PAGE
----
Relativistic time


  • Relativistic time

    Posted by Encyclios on April 25, 2023 at 7:28 AM

    The measurement of time represents in relativity (special and general) an operation strictly dependent on the kinematic and/or gravitational conditions in which the observer performs it.

    For example, μ particles, or muons, present in the swarms of particles produced by cosmic ray impacts in the atmosphere, hit the Earth’s surface at speeds very close to that of light after a flight time of the order of 200 microseconds. Muons are unstable particles that – in the laboratory – spontaneously decay in only 2 microseconds. The increase of their average lifetime in atmospheric swarms is justified by the time dilation provided by special relativity for moving observers.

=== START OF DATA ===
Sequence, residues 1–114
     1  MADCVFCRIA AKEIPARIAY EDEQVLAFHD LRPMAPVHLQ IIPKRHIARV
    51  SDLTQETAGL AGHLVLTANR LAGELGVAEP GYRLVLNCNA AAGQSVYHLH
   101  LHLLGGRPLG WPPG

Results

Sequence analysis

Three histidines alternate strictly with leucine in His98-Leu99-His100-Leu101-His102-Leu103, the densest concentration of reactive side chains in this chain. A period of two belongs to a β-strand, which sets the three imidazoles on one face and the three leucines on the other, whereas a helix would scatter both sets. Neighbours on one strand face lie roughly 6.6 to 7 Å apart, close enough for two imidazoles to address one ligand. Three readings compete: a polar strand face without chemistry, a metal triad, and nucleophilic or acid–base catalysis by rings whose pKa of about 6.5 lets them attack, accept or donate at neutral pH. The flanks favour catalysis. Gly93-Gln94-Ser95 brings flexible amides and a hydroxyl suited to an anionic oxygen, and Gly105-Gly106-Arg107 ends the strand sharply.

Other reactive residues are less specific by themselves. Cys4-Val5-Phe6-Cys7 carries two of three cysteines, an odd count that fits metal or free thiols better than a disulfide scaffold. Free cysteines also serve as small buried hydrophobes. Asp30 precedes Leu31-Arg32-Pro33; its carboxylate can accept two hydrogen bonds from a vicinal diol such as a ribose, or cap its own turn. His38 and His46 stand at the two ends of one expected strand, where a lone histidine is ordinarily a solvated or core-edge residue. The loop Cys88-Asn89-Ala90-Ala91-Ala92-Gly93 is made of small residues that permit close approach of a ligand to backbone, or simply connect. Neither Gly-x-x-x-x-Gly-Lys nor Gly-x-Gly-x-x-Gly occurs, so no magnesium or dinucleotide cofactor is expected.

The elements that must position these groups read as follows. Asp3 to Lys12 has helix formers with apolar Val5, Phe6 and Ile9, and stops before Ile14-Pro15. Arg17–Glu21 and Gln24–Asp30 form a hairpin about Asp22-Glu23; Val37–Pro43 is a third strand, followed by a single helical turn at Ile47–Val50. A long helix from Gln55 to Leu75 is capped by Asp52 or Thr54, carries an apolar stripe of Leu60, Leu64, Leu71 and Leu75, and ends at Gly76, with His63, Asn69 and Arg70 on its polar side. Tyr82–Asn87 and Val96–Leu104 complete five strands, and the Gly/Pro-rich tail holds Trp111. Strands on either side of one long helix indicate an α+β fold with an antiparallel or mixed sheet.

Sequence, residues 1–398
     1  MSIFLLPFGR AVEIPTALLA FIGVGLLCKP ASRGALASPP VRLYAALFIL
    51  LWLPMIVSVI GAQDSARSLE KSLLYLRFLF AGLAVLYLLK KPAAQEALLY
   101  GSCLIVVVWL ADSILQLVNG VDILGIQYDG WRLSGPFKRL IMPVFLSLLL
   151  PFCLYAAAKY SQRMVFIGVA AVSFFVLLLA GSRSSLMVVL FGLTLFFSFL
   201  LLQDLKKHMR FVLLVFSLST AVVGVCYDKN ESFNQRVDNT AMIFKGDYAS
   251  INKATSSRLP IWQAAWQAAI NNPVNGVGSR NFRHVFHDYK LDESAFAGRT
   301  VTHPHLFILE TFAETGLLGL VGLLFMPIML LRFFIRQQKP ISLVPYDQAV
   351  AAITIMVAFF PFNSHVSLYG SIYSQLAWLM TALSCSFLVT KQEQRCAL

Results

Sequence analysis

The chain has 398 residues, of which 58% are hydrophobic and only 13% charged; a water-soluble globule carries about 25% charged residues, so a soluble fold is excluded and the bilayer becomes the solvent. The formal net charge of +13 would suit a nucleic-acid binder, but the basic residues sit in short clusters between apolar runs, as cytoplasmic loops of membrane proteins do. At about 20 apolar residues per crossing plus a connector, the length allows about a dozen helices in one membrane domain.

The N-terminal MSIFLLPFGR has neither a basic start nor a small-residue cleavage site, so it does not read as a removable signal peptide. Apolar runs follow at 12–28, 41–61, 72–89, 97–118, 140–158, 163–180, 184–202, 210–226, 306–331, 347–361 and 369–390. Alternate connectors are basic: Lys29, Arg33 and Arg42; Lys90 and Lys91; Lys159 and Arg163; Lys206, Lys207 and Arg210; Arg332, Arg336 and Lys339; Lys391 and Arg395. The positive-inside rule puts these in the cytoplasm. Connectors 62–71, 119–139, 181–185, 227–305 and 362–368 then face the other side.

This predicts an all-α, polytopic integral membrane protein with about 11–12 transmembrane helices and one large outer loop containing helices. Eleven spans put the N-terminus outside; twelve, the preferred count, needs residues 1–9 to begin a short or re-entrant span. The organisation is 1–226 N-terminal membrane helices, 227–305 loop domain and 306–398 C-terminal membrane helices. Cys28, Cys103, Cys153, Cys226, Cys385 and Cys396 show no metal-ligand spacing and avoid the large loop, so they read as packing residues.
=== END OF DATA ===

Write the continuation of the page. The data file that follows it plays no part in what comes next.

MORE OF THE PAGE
Time dilation phenomena also occur for the theory of general relativity. In this theory, Einstein effect consists in a red shift manifested by electromagnetic radiation radiated by celestial bodies with considerable gravitational field (gravitational red shift).

    Near the Sun, this shift reaches 0.01 Å, equivalent in frequency – and therefore in the local time scale – to a time dilation of \(2\times 10^{-6}\) seconds per second. However, the time dilation would increase to 15 times larger values if the star were a compact white dwarf with very strong surface intensity of the attractive field, such as Sirius B. Finally, the complete zeroing of the time course (infinitely large dilation) would occur at the “event surface” surrounding a black hole.

    Encyclios replied 1 month, 1 week ago 1 Member · 0 Replies
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